“Electoral Integrity in Africa” was the subject of interrogation, and/or reflection at a panel discussion hosted by the Hans Seidel Foundation, the Institute for Public Policy Research (IPPR) and the Nangof Trust last week in Windhoek.
The discussion, moderated by IPPR Executive Director, Graham Hopwood, was led by Namibia’s own Director of Elections, Dr Paul Isaak. But foremost as discussants were what one would describe as a formidable team of African statespeople and academicians, or/and activists if not patriots, like David Coltart, a lawyer by profession and former Zimbabwean Minister of Education and founding member of the Movement for Democratic Change and its founding Legal Affairs Secretary; Professor Alexander Frempong of the University of Ghana; Dr Otive Igbuzor, the Executive Director of the African Centre for Leadership, Strategy and Development from Nigeria; Tom Mboya, a governance and anti-corruption specialist from Kenya, of course not to be confused with the late Kenyan and African nationalist.
Despite having such a knowledgeable team at its disposal, the absence of Namibians at such a discussion and on such a pertinent question, especially in view of the imminent elections in Namibia within a few months, was conspicuous to say the least and a disappointment and quite ominous at best.
Many issues relating to elections and electoral processes came under the spotlight and were shared among the panellists and the other interested parties present, among the latter one or two politicians, members of the civil society, reporters and concerned youths.
But coming through clearly is the fact that elections cannot be defined as having integrity just by the outcome of the actual polls, meaning by the results of the votes.
On the contrary the integrity of the elections depends on the whole electoral process all the way from A-Z. One such process, I could not help but talk silently to myself, was this very panel discussion but an opportunity many Namibians as evidenced by the close to empty hall, cared little about.
To many if not most Namibians, the thinking must have seemed that elections are still a few or couple of months away to be of any importance, let alone any consequence right now. Of course until only lately when both the administrators of elections and the role players seem to have been prodded by a section of the media to express themselves about especially the electronic voting machines (EVMs). How wrong could they not be or have been as by the testimony of fellow African brothers, who in their own countries have been weathering and are still weathering many an electoral storm, that this is a process.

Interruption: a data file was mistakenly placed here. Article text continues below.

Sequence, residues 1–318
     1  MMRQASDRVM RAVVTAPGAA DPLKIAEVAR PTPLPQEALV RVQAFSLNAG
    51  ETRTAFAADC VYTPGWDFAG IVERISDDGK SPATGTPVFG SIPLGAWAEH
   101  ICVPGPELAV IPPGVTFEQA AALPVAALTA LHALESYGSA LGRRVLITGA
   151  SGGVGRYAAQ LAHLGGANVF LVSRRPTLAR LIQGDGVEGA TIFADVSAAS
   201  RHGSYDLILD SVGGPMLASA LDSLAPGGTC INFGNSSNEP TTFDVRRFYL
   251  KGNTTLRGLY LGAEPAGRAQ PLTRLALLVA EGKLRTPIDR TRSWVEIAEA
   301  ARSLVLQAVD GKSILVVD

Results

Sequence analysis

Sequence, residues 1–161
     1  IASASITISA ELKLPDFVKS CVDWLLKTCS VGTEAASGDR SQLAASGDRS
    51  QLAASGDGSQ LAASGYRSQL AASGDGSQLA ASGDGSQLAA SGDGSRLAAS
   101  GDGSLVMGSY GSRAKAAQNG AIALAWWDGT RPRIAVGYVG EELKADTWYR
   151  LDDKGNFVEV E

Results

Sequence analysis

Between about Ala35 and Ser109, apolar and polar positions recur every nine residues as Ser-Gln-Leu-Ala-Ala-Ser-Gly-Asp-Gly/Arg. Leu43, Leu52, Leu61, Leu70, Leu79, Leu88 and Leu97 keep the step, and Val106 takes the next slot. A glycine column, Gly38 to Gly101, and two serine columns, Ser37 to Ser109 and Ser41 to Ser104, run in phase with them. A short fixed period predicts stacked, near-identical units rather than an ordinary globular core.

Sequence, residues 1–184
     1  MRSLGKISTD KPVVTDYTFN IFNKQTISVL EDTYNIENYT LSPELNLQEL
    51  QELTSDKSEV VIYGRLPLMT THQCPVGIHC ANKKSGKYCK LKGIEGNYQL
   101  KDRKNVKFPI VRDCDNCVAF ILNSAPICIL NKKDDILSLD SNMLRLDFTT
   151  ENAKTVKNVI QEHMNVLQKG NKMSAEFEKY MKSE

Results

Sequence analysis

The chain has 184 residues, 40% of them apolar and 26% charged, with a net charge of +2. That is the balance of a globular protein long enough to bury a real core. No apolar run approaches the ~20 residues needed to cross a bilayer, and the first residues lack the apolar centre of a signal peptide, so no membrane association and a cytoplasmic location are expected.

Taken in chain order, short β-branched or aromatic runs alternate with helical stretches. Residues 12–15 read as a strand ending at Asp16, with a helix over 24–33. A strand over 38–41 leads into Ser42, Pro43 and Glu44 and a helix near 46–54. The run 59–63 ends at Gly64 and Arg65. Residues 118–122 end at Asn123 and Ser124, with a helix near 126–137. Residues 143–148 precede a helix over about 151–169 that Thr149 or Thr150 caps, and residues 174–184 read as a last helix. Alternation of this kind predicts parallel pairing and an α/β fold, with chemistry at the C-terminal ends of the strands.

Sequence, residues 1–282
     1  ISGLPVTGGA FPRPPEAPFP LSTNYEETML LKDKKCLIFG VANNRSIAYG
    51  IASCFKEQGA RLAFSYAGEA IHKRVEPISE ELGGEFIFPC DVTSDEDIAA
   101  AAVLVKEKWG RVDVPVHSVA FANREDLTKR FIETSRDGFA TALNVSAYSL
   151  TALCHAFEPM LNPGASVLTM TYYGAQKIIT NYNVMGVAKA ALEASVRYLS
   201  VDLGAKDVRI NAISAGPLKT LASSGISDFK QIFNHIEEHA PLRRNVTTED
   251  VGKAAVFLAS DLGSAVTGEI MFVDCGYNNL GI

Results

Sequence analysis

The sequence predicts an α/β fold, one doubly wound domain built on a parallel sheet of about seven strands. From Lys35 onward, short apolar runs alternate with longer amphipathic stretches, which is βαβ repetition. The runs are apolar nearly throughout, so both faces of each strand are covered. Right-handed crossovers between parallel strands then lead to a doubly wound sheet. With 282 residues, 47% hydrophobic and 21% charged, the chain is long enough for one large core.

As Professor Frempong well pointed out, unlike most people think, the actual polling itself is not the most important matter in the process. In fact voting per se in many an election has proven to be the smoothest aspect.
However, it is the post-polling process, starting with the processing of the ballots, the counting at any polling station, and everything else that follows, that has proven problematic, if not controversial. Of course, and everything that may have preceded the polls, that means the preparation for the polls every step of the way.
Hence the reference to the process, meaning every intervening period between one poll and another is as important. It seems a fact many role players in the electoral or democratic process are either oblivious of, if not ignorant of.
And once again if one has to reflect on the current ominous silence in Namibia, with only a few months left to the actual polling, one would wonder what must be afoot.
The last spirited reminder lately that Namibia is going to the polls later this year was when role players raised the issue of the short period in which they would be allowed to scrutinise the provisional voters’ roll, and the PDF format at which it was availed to them. The period was subsequently extended to the end of April, albeit in the same PDF format to which stakeholders objected.
The deadline of end of April has come and gone. What has since transpired? No one knows as one has been hearing little, especially from the main stakeholders, the political parties who were at the forefront of the bid to have the time in which to scrutinise the voters’ roll extended, as well as the user-unfriendly PDF format of the roll amended.
As much, the media seem also to have been worrisomely quiet. Perhaps, like the other main role players waiting either for the Directorate of Elections/Electoral Commission of Namibia (ECN) to bark, before they either follow benignly like a flock of sheep that they seem to have been, perhaps subdued by taunts of “the lady doth protest too much”.
Does it mean the electoral process is finished? Not at all as surely things must be cooking if not simmering somewhere somehow.
Already one has been hearing one or the other members leaving and joining one or the other political formation. But such happenings seem to be cast as just a normal transient phenomenon remote from the polls.
The full meaning and/or impact seem to be ignored by the media if not cast aside so that they would not be seen and understood in their full realm. And their importance to the whole process becomes blurred.